People v. Schyman, 374 Ill. 292 (1940)

April 10, 1940 · Illinois Supreme Court · No. 25344
374 Ill. 292

(No. 25344.

The People of the State of Illinois, Defendant in Error, vs. Peter B. Schyman et al. Plaintiffs in Error.

Opinion filed April 10, 1940

Rehearing denied October 14, 1940.

Farthing and Shaw, JJ., dissenting.

Charles P. R. Macaulay, and W. W. Smith, for plaintiffs in error.

*293Walter Bachrach, for plaintiffs in error on rehearing.

John E. Cassidy, Attorney General, Thomas J. Courtney, State’s Attorney, and A. B. Dennis, (Edward E. Wilson, John T. Gallagher, Melvin S. Rembe, and Blair L. Varnes, of counsel,) for the People.

Per Curiam :

Plaintiffs in error were indicted for causing an abortion by the use of instruments, and were found guilty by a jury in the criminal court of Cook county and sentenced to the penitentiary. One Ernest Newton was also indicted but not tried. They have sued out this writ of error.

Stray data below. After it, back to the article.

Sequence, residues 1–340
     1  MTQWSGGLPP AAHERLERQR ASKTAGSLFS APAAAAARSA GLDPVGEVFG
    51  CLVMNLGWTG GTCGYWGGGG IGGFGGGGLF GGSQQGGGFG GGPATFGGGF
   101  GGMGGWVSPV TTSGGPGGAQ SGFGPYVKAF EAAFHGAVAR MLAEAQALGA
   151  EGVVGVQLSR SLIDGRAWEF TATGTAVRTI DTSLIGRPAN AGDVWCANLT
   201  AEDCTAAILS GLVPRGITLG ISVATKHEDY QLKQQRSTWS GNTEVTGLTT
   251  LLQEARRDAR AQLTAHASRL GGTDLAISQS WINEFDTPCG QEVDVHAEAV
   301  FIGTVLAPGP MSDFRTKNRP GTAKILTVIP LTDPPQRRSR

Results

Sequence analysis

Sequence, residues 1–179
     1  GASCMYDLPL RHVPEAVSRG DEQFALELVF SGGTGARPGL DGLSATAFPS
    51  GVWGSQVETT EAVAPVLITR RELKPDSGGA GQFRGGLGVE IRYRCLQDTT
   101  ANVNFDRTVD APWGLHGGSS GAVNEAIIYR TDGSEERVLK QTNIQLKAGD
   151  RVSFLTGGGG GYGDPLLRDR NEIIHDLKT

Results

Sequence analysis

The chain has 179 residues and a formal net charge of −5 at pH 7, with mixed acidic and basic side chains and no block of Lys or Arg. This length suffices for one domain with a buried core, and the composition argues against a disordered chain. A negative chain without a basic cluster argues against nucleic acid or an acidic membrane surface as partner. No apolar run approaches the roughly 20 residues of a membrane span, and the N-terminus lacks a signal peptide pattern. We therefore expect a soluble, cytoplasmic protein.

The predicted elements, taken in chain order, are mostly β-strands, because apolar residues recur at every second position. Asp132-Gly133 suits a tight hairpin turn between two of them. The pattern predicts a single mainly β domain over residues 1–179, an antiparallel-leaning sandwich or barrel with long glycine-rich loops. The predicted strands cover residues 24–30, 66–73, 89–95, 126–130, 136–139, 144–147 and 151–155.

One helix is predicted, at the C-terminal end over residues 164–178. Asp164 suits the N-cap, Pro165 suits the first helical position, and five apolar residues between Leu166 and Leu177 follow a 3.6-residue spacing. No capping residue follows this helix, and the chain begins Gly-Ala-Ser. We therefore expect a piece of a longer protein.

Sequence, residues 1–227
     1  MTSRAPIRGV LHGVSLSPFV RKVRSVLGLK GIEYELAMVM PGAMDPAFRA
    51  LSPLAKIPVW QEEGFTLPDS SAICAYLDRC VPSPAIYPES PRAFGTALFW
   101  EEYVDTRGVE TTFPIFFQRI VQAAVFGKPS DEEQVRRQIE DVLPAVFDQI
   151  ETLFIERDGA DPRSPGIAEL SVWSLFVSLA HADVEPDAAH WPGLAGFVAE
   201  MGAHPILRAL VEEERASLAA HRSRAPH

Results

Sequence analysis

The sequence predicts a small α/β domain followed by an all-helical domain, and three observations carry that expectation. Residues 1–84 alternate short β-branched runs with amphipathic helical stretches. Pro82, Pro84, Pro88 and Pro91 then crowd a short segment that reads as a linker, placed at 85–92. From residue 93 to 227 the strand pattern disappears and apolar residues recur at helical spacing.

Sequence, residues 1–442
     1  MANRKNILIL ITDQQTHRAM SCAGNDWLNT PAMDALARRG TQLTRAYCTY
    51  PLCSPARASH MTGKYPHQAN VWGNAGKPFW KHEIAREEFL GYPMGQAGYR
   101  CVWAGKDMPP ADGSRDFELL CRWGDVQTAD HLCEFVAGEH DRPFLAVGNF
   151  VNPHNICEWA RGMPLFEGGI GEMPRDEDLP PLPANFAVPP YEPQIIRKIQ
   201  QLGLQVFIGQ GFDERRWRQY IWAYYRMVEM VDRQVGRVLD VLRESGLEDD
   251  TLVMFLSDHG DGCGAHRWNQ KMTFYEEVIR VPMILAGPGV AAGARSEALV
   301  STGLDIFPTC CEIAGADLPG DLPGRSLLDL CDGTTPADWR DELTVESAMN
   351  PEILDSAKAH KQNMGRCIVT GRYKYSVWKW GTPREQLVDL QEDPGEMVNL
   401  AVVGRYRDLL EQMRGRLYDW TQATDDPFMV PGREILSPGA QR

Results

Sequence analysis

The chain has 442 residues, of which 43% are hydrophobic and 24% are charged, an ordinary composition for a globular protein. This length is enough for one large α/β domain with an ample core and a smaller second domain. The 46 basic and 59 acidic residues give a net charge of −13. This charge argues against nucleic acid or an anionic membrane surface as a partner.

The prosecutrix in this case had intercourse with Newton in the middle of November, 1937. She did not menstruate next month, and had attacks of nausea. On January 3, 1938, she went with Newton to Dr. Eroelich for treatment. Eroelich made no examination, but gave her emenagogue tablets, repeating this treatment on January 14. There were visits on January 18, 19 and 20, when Dr. Froelich gave injections of a drug known as antuitrin S, used as a test for pregnancy. Dr. Eroelich testified, over objection, that from the test he determined she was pregnant. A sixth visit was made February 8, 1938, but Eroelich did nothing but advise her to get married. On February 14, prosecutrix and Newton went to the office of defendant Schyman, who examined prosecutrix and found an inflammatory condition of the cervix. He inserted a cotton tampon treated with medicine. Schyman said she should be treated at home, but that he did not do home cases and referred her to Dr. Hannon. Newton and Schyman talked about money for “an operation.” Both the prosecutrix and Newton testified that Schyman said that she was pregnant. Schyman denied saying this.